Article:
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Tydskrif vir Letterkunde

On-line version ISSN 2309-9070
Print version ISSN 0041-476X

Tydskr. letterkd. vol.54 n.2 Pretoria  2017 



Losing the Plot. Crime, reality and fiction in postapartheid writing



Leon de Kock. Johannesburg: Wits University Press, 2016. 288 pp. EAN: 978-1-86814-964-3.

In this wide-ranging and impressive account of postapartheid writing, De Kock describes the "dizzingly heterogeneous corpus" (1) of South African literature after apartheid with the aim of describing its distinctive features and complexity.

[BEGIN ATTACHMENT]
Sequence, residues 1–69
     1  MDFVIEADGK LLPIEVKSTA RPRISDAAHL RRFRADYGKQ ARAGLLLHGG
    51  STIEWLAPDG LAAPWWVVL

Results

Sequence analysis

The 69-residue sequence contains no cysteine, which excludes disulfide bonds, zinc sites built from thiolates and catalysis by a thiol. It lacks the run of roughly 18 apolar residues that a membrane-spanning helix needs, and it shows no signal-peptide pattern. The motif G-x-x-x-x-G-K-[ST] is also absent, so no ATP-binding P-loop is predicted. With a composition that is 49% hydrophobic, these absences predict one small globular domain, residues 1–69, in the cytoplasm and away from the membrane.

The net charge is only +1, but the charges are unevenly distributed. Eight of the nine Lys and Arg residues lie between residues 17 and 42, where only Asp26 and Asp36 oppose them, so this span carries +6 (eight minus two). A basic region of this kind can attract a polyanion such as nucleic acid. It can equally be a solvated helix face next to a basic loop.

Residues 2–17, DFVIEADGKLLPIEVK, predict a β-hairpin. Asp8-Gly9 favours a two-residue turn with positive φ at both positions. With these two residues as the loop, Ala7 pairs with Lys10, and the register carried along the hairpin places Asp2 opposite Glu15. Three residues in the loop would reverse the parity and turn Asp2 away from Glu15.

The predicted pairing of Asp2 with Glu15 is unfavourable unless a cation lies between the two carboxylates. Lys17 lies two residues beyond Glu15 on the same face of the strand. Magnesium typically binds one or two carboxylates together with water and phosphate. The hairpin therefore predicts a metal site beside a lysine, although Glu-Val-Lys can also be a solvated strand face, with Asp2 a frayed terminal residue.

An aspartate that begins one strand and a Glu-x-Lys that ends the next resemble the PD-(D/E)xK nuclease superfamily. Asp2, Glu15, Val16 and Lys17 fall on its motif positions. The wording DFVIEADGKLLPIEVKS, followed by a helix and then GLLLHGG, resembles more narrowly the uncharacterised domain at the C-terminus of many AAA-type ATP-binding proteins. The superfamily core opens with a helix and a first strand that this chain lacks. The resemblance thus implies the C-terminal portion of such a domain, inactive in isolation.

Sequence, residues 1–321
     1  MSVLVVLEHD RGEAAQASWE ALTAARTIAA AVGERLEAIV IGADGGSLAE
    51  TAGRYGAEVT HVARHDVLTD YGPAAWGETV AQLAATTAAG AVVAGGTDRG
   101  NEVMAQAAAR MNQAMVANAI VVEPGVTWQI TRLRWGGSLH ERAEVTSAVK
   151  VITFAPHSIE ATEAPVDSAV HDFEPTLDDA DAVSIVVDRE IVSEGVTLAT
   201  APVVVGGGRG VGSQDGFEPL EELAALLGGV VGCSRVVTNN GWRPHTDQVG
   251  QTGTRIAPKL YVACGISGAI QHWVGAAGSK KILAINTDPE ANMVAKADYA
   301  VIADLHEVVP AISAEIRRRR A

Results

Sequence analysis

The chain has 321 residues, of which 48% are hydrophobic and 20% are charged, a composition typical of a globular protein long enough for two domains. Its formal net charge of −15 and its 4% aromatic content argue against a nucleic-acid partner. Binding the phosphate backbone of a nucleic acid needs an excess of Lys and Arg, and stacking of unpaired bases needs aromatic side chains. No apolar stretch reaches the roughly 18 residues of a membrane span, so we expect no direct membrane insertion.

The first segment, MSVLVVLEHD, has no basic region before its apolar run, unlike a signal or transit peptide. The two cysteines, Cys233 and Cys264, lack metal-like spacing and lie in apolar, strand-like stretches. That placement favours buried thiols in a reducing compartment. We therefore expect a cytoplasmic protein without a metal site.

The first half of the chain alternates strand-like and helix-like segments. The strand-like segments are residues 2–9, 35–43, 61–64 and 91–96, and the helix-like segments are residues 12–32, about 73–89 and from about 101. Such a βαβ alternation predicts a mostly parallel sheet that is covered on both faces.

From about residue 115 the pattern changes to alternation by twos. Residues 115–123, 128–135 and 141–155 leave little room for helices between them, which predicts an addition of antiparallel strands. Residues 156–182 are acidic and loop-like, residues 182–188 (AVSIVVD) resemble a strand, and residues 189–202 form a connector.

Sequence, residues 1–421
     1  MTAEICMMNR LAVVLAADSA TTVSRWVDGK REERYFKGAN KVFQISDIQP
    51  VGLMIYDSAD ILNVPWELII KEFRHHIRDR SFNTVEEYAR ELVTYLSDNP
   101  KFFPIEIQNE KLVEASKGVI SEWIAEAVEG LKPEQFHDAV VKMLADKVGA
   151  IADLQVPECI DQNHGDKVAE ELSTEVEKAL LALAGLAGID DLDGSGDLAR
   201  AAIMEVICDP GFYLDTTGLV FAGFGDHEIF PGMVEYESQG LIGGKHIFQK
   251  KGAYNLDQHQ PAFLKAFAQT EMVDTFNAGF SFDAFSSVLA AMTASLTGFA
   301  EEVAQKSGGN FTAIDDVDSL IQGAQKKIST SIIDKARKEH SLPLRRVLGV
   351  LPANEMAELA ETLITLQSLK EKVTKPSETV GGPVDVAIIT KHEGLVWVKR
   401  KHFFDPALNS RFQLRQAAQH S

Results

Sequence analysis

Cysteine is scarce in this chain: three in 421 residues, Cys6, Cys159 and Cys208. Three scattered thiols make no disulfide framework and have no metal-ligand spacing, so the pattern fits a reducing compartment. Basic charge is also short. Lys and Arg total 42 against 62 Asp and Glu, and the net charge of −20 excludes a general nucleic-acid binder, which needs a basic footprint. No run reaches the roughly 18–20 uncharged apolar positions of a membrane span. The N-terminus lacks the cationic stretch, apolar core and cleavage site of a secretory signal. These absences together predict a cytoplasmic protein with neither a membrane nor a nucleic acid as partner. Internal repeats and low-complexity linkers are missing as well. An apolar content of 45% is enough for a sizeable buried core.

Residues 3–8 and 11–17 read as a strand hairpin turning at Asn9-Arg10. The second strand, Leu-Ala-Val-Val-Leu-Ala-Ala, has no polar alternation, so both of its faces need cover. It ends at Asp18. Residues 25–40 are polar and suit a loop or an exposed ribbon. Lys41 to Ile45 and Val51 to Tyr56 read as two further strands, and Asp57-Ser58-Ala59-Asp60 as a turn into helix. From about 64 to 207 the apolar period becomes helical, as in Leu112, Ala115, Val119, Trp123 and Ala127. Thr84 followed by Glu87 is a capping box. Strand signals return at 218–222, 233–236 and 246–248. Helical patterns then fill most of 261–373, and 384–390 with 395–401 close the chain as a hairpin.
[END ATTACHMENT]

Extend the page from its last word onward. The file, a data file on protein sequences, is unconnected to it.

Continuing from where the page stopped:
The methodology is straightforward. De Kock has chosen to read particular literary works in order to identify broader ideas and trends. To contextualise the study, De Kock deploys the key, pervasive notion of "transition". The notion is variously defined as a "transformative shift from one 'state' to another" (2), a "popular mythology" in the "collective consciousness" (3), and as containing a counter-discourse of disillusionment or disorientation, which De Kock refers to as "'plot loss'" (3). This "plot loss" becomes a central trope in the book to express the social and political chaos of the country, evident in various criminal manifestations of neo-colonialism such as neo-liberal economic policies, new forms of racism, and corruption. The term also refers to actual "plot loss" by authors who, struggling to express in effective and appropriate ways the disillusionment which is now intrinsic to the notion of transition, attempt nevertheless to meaningfully engage with the multiplicity of crimes which beset the nation. Postapartheid writing, De Kock argues, is, on the one hand, intensely involved in identifying wrongdoing and villains, whilst on the other hand it strives to utilise narrative to heal and inscribe new identities. In so doing, De Kock commends authors who are trying to regain the plot (a sort of national moral compass through a process of social detection) and who are concomitantly inscribing new literary plots. The many writers selected for analysis in this book are lauded for their courage and imaginative zeal in conducting social analysis in a bewildering context. In formal literary terms, De Kock uncovers two trends to do with plot. Some authors underplay plot for reasons of verisimilitude-their reduced plotting reflects the social reality of disorder. Other authors overplay plot through a process of literary forensics as they embark on a crime-solving mission that focuses on exposing the sources of public and private wrongdoing.